If you call the static function GetColliderID, you will be able to convert the struct to your custom struct using pointers and gather the variable directly accessing the memory. It uses "unsafe" operations, which is dereferencing a variable. As you know, C# doesn't give you control on memory as much as C++, that variable could be cleaned or moved by the garbage collector, so it is an unsafe operation and you have to tell the compiler.

&hit returns the memory address of the variable hit.

(RaycastHitPublic*) casts that address to an address to a RaycastHitPublic. 

* before everything will return the memory block pointed by the previous pointer, now converted to RaycastHitPublic.

The collider is stored as an int, that is the instance ID. No hit returns 0. It's not the instance, as you can see, since the link between the id and the object instance itself is resolved when you access the property .collider.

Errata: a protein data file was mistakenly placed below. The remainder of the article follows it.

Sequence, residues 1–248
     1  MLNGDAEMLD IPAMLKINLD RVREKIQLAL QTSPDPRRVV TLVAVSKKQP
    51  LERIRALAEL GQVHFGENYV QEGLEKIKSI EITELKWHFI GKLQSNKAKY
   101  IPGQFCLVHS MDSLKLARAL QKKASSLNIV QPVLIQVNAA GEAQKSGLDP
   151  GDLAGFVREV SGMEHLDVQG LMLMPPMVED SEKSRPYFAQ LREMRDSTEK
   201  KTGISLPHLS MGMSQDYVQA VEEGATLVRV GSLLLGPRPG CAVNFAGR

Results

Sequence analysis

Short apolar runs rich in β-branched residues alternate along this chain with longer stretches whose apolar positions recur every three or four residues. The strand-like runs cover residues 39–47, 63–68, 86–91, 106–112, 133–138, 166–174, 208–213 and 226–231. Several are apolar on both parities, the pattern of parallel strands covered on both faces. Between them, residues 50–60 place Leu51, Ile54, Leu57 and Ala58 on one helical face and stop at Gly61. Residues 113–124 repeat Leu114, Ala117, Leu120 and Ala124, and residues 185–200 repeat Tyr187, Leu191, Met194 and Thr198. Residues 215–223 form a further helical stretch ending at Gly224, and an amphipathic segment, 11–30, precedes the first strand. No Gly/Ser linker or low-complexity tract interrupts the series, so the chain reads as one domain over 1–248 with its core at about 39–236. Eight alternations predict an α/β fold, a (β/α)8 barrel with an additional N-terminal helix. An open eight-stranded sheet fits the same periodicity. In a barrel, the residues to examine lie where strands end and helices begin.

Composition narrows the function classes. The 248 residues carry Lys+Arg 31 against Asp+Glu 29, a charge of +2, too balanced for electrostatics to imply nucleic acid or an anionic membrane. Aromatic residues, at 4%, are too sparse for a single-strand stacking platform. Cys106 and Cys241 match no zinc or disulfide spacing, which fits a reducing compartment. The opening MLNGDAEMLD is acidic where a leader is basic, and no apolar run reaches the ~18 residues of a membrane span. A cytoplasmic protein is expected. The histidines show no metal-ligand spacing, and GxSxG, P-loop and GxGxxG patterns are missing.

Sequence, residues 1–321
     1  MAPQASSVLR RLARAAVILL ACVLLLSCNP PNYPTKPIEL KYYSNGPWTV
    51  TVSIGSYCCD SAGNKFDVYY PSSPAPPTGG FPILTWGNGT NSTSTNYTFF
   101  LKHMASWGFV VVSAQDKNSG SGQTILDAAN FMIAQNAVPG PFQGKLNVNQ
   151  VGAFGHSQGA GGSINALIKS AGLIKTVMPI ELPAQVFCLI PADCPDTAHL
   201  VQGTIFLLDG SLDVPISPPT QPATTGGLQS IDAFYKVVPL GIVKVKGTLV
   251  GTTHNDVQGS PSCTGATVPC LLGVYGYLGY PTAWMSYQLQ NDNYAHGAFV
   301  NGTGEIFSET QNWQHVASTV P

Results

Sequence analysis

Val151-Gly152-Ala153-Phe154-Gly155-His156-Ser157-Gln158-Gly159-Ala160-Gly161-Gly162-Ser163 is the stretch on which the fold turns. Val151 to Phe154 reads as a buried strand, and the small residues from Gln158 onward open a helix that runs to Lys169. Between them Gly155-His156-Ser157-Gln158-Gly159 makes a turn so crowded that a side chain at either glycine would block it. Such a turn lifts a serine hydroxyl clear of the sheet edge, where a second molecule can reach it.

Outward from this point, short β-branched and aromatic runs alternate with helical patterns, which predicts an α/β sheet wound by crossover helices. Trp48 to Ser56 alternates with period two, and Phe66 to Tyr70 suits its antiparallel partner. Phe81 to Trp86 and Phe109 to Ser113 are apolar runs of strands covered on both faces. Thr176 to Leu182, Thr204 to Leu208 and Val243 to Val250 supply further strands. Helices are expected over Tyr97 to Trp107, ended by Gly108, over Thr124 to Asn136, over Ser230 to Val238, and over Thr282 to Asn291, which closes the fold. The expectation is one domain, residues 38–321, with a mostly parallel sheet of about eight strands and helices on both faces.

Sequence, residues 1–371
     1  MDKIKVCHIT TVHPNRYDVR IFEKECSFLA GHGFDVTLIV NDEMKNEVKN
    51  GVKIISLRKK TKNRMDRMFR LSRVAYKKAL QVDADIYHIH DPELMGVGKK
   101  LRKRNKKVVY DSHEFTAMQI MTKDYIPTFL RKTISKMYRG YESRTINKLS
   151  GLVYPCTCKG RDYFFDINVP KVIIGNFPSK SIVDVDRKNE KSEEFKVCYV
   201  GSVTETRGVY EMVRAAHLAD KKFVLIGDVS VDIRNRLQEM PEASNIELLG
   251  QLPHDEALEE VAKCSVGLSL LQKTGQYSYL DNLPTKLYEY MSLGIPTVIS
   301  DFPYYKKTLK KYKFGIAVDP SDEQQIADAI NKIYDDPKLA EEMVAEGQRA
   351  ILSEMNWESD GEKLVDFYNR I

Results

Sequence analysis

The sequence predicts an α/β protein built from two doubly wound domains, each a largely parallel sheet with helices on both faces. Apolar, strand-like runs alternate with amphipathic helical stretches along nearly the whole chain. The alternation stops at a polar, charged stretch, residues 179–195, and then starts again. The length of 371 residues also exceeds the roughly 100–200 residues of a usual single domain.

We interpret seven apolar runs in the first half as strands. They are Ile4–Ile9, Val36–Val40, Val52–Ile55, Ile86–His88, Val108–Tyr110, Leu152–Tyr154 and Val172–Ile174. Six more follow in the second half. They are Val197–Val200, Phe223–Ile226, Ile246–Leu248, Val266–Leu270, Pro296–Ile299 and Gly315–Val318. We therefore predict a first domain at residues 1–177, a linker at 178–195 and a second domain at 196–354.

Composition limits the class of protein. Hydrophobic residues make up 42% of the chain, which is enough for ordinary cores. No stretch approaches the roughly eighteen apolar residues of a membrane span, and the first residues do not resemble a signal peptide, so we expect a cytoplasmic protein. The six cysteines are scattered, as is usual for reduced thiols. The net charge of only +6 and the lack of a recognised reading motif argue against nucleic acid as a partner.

But you can't resolve it by hand using GetObjectByInstanceID or similar inside the job because you can't use the Collider class, so you should refactor your code in order to use the Ids instead of the instances. In my case, I have a list of Ids of detected colliders on the water, and I compare with it.

The results

See the speed of doing it in the main thread, calling handle.Complete() to finish all jobs, then gathering the info and then passing it to the next job.

Compared to what happens if you do it directly in the job.

An important requirement

Wait! You can't use "unsafe" code like this unless you have activated it in your assembly definition file (amdef) that contains your code  (same folder, or parent folder). You don't use assemblies?. In that case, you only have one, the main assembly (Assembly CSharp). There's a big discussion here. But in case you are planning to intensively use jobs that need unsafe code like this, create assets for projects and want to keep everything modular or just do unit testing, I seriously recommend doing it.

You click the asmdef file and activate the "unsafe" option, then apply the change. That will add the /unsafe option in the C# compiler for that particular assembly. In case you don't use assemblies, you can allow unsafe code on the global assembly by going to the project build settings. But I recommend the other approach better.

Hope it helped! Keep in the loop for more efficiency and advanced tips.